dunbar’s number, facebook and the churchChris Ridgeway | 26 Jan 2010 | 11:02
There’s some growing buzz in the last two days about Oxford anthropologist Robin Dunbar’s research into social groups. Dunbar is currently a fellow at the same college C.S. Lewis inhabited (Magdalen), and is noted for saying that human beings cannot having a meaningful circle of friends greater than 150 people.
The limit is called “dunbar’s number,” and its origin is pretty biological: Dunbar measured brain size (actually: the relative size of the neocortex to the medula) of both primates and humans. Because the neocortex is related to information processing about our relational networks, the size and the number of people we can know may be related. This is the social brain hypothesis. (read the original 1998 research)
Don’t check out yet. This is where it’s fun. Dunbar went on to check to see if his number played out in real life, mostly looking at old stuff—hunter-gather communites, etc. But recently he’s been looking for more current examples, which includes Facebook. His study isn’t out yet, but the Times reports his initial findings.
“The interesting thing is that you can have 1,500 friends but when you actually look at traffic on sites, you see people maintain the same inner circle of around 150 people that we observe in the real world,” said Dunbar.
“People obviously like the kudos of having hundreds of friends but the reality is that they’re unlikely to be bigger than anyone else’s.”
Interesting stuff. But there are some big caveats. The number 150 just isn’t that solid. Women and men differ, for one things (women can maintain more active relationships). And according to his original research, the number only expands to this size when a group has an self-identity (e.g. “we’re a tribe!”) and is stressed in certain ways (e.g. “can you believe that typhoon we made it through??”). Otherwise it’s even smaller. Are these identifiable circles modeled on Facebook? (my answer: no, not yet. They can be privately: you can set up friend groups that only you can see. But in a group sense, only fan pages and mutual-interest groups are close, and that’s not much).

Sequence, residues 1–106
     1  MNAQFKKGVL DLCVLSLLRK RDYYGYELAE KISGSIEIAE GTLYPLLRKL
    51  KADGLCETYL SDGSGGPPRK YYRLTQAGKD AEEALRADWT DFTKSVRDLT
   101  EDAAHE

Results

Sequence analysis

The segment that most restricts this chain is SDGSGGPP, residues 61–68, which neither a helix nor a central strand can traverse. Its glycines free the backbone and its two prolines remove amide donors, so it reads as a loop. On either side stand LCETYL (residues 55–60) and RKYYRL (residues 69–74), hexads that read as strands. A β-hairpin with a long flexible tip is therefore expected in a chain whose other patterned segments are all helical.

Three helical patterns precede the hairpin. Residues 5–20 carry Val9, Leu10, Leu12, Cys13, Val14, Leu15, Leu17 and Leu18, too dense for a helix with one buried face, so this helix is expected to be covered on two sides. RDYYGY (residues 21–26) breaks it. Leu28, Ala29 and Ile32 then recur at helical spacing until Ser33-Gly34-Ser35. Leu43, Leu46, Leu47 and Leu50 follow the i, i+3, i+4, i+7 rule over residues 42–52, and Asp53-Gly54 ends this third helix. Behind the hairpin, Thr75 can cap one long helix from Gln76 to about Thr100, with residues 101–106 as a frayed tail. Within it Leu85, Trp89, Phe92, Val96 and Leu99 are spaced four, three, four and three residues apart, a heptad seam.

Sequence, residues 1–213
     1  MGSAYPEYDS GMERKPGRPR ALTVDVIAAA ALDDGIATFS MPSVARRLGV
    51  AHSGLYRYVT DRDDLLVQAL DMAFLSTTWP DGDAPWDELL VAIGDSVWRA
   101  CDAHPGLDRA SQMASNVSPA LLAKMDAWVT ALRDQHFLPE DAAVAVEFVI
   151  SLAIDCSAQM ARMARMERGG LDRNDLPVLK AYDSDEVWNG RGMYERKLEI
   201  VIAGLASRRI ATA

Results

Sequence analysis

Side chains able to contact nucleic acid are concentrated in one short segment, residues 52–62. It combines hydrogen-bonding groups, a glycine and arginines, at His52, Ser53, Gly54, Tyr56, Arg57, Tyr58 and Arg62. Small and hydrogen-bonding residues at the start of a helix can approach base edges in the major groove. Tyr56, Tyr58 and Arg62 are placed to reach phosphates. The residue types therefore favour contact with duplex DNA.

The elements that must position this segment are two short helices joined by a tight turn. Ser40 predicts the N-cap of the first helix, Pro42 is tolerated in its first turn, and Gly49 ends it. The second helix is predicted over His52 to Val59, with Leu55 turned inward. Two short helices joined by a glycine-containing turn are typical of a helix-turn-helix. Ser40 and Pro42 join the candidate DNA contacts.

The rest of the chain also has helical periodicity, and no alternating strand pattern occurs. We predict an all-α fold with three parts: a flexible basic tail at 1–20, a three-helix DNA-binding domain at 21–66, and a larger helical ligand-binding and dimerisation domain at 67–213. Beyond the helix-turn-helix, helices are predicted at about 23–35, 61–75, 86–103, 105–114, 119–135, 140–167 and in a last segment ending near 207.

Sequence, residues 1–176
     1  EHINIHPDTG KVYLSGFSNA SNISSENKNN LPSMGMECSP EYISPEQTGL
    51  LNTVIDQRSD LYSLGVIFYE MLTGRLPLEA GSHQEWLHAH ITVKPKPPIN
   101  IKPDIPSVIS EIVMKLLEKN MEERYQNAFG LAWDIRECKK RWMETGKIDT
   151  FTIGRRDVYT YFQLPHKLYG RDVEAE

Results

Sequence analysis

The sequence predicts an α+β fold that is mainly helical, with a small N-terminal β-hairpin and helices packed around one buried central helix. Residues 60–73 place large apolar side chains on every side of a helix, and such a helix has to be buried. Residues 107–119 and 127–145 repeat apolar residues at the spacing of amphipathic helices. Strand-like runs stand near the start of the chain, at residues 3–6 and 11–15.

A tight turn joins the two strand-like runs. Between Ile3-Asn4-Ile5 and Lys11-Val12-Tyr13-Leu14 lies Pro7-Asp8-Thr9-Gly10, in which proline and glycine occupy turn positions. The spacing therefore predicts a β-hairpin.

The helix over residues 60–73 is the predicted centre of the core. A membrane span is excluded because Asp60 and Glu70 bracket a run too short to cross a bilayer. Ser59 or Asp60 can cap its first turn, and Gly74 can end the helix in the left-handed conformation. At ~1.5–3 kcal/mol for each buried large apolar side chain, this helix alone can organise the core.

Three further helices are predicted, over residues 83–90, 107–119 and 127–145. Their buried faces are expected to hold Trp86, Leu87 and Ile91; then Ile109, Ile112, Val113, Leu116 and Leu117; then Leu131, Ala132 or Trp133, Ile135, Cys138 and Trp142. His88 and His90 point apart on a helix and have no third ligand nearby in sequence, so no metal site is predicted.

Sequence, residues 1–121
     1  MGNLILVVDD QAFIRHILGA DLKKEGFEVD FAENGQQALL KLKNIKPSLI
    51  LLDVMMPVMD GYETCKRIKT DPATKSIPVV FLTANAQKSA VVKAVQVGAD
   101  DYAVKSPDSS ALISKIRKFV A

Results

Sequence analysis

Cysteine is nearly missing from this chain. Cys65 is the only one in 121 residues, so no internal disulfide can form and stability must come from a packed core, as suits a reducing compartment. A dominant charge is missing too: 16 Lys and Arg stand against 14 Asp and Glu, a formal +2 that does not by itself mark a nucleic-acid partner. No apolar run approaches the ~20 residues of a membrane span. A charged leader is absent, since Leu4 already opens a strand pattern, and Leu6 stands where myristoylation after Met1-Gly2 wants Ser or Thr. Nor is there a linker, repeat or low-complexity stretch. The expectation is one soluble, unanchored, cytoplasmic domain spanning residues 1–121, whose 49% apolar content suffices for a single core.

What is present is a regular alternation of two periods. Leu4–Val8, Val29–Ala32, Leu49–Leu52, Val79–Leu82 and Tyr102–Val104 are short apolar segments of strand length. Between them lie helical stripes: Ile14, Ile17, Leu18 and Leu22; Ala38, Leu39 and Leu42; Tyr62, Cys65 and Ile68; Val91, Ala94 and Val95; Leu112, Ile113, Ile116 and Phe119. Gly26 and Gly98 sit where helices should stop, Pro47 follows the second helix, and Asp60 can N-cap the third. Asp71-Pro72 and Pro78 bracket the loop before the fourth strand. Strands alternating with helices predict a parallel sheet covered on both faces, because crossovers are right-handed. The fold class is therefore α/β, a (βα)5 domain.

Even more, Dunbar’s original study showed that complex hierarchy in social structures complicate things (maybe reduce the number). Confusing. Is Facebook a flat structure or hierarchical structure? (my guess: despite appearances, it’s not truly flat. The question is in serious tension. the hierarchy is based on a simple structure of social capital (i.e. number of friends and quality of content), but interacts significantly with real world social capital, and conflicts with structured hierarchy – your boss might less pull on Facebook than you do).
So can we only have even less? 100 real friends? Despite my poking at the actual number (which other researches place lower or higher as well: 125, 230, etc), there’s something to the wider concept. We intuitively know that we only have stronger ties with close group of friends . Those people with 1,200 friends on Facebook who “say yes to everybody” that Friends them—they’ve got fans, but not 1200 friendships. Me? My rule is that I have to be able to introduce you to someone else in a social situation. That means I regularly ignore friend requests (probably have rejected hundreds, not because I didn’t like the person I met at the party, but because in a week I’m positive I won’t remember their name and it won’t matter that much). I guess I’m committed to this modeling social reality stuff.
Church question. But let’s accept the 150 number again. What particularly strikes me is that people like Dave Fitch and many others are pretty confident that the size of a relational-missional church cannot grow beyond this size without losing their key characteristics. I tend to agree: I believe if you cannot know whether the person sitting behind you in worship is “new” or not, you’ve lost hospitality—an essential core value.
Maybe we’ve been noticing Dunbar’s number.
Other links or notes:
- Dunbar has an upcoming book
- Jacob Morgan writes that Dunbar’s number is irrelevant for today’s world: that we need lots of weak connections (what we call “networking”) over lots of strong
- Forbes picks up on this before others did
- Meanwhile, another Oxford scholar (and Baroness!), mentioned in the House of Lords that she thinks Facebook is rewiring our brains.